The idea that someone can easily plug in a small USB device into your computer without you knowing is terrifying. How do you know that Rick from Accounting won’t try to stick a keylogger onto the back of your computer when you’re at lunch? What’s stopping your friend from pulling the evilest April Fools prank on your computer by uploading fake ransomware?

Absolutely nothing. But the situations I’ve listed out rarely happen. I’d say they take place in movies 99% of the time, the other 1% being real-life scenarios.

However, sometimes it’s the ones closest to you that hurt you the most. Today, Logitech ended up hurting us tech enthusiasts the most.

1. “Unifying” Terror

According to Marcus Mengs, the man responsible for discovering the USB vulnerabilities, stated that certain Logitech USB dongles that are responsible for connections to wireless keyboard, mice and presentation clickers are vulnerable to certain attacks.

These attacks include manipulating the USB to act as a keylogger, taking over the user’s keyboard and inserting their own keystrokes, and even taking over the whole computer if able. Now, the good news is that many USB dongles are programmed to block any injected keystroke that’s not coming from the source computer. Bad news is that these vulnerabilities allow the hacker to bypass this security measure as well.

I do have more good news though! You may not be affected, so hold on to your Logitech equipment until you hear what I have to say.

The Logitech USB dongles that are affected by these vulnerabilities are part of Logitech’s “Unifying” technology, one of Logitech’s wireless radio technology that ships with their products.

If you aren’t sure whether your device uses “Unifying”, all you need to do is look for an orange star on the USB dongle. If not present, it’s not using “Unifying”. If it is, you may want to look for a Corsair mouse. Anything else, really.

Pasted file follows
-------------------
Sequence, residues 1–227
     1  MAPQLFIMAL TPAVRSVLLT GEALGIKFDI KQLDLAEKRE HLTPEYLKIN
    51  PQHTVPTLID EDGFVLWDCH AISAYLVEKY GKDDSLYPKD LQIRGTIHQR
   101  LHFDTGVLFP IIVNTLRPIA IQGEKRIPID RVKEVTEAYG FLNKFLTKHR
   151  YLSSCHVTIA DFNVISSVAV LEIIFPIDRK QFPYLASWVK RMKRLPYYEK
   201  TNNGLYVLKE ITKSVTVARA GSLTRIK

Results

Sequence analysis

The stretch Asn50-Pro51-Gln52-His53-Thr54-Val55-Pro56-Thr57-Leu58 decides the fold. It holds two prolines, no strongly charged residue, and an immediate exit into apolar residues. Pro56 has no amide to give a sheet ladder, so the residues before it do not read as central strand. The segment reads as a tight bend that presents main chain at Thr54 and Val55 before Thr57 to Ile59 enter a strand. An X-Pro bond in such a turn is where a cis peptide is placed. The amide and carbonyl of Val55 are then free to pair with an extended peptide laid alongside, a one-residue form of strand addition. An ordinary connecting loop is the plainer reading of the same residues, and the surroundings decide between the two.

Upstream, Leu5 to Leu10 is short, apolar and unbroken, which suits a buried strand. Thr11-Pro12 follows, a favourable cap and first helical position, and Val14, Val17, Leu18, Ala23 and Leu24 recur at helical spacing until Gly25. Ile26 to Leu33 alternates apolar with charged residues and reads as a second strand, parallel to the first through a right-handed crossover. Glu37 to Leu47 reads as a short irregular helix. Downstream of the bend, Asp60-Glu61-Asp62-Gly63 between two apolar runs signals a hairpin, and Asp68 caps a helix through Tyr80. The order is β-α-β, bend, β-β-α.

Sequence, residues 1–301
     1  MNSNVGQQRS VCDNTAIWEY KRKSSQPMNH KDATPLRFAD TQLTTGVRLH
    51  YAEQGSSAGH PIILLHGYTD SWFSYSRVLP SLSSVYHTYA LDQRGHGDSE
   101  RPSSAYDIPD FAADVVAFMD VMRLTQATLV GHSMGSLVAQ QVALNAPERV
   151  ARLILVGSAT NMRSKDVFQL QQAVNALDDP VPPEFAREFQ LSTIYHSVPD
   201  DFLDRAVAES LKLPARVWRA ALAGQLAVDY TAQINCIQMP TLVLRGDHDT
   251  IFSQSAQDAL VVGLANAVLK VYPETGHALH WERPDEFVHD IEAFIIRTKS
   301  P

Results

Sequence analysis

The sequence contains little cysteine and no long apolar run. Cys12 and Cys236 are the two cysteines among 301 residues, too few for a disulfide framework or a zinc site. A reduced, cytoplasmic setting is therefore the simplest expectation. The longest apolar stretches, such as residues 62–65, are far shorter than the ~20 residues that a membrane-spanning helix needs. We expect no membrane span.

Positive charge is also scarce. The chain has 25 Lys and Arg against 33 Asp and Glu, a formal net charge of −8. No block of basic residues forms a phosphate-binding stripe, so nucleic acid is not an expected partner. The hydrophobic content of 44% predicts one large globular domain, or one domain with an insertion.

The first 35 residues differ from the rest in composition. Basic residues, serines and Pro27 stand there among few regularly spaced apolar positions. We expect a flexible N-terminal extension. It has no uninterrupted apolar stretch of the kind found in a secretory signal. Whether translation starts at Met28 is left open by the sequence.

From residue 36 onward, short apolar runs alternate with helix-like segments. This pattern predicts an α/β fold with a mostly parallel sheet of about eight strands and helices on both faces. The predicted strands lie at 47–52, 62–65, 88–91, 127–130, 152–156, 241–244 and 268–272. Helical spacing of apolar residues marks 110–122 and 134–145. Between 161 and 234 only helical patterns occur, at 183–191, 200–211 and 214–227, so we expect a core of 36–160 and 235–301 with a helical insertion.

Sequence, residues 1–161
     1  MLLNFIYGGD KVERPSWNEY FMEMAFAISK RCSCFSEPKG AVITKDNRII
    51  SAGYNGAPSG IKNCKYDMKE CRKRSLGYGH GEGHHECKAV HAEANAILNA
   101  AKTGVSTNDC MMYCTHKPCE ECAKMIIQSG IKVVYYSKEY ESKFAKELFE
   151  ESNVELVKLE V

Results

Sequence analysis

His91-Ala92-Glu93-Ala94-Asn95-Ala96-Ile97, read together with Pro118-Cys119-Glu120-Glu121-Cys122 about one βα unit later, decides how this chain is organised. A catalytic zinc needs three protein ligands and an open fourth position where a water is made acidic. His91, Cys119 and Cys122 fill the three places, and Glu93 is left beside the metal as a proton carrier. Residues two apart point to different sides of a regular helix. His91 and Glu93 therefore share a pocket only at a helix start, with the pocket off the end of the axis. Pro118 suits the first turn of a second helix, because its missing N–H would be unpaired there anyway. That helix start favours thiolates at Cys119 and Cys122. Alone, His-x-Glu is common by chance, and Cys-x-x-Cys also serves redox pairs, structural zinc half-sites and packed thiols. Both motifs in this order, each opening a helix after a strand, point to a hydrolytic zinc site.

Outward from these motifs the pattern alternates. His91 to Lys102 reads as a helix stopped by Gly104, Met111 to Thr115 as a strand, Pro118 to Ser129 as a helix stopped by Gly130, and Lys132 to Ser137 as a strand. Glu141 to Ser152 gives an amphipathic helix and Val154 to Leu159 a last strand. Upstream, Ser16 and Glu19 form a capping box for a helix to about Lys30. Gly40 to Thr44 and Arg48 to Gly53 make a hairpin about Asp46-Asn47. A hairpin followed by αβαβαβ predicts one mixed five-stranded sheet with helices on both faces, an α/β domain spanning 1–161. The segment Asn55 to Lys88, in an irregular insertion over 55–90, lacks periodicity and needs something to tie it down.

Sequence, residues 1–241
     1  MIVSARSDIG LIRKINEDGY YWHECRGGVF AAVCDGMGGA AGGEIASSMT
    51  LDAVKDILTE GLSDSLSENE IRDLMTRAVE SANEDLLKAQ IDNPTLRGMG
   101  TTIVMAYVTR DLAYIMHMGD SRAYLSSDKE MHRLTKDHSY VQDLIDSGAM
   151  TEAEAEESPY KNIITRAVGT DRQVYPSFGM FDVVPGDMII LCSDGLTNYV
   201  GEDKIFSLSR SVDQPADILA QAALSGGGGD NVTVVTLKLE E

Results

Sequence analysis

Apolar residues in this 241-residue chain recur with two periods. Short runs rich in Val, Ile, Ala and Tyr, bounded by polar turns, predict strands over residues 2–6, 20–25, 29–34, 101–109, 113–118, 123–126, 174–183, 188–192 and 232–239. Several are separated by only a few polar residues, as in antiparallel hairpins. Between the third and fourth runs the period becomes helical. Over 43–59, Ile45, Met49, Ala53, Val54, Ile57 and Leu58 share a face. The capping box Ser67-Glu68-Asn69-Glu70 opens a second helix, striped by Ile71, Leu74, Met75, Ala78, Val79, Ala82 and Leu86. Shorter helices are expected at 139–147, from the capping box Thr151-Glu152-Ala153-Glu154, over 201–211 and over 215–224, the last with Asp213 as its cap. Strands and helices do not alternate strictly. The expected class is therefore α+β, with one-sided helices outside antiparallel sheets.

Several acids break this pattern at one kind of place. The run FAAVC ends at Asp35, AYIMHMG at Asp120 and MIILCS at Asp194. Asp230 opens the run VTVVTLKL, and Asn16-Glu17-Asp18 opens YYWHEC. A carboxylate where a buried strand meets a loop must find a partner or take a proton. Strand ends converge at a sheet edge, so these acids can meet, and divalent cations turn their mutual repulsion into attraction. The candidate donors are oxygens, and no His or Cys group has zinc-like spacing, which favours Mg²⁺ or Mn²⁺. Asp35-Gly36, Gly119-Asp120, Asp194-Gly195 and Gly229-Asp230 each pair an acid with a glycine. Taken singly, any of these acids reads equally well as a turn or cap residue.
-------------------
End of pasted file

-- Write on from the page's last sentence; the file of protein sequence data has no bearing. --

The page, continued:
2. How It Works

Logitech’s vulnerability can be accessed without physical access only if the wannabe attacker can intercept the communication that takes place between the pairing of the USB dongle and the keyboard it’s connecting to. Intercepting this process would mean that the now-dangerous attacker can decrypt keystrokes in real time. So, for example, they’d be able to crack the password of a website you visit.

However, the pairing process is a small window. It’s highly unlikely that an attacker will be able to strike before the window closes, so they’d likely need physical access. To do this, the attacker would need to be able to type a few random keys into the keyboard, record the traffic, and then decrypt the traffic later, granting the encryption key.

Truly, this is a lot of work and not to mention risky.However, the potential rewards are endless, so disclosing this decision may have been a bad move.

Never fear though, Logitech said they are working on fixes to these vulnerabilities. Well, most of them. There are two vulnerabilities that Logitech has stated that they don’t planning on fixing with a firmware update, and one is vulnerability CVE-2019-13052.

CVE-2019-13052 allows an attacker to intercept the encryption key during the pairing process like I mentioned earlier, but this vulnerability also allows an attacker to reinitiate the pairing process to grab the key if the window is missed the first time. You’d think Logitech would focus on fixing this one first, and their dismissive attitude towards this vulnerability is frankly astounding.

This is the same as if a system admin was scolded for not protecting the company servers with encryption and VPN and he responded with “It’ll be fine”. You trust that man!?

For now, I recommend keeping others away from your Logitech keyboard or mouse. Maybe lock your door, turn your cubicle into a safety shelter, you know, the usual. Truth be told, I’d rather build my own signal jammer to keep a hacker at bay than use a wired mouse. What is a wire but a restriction on movement?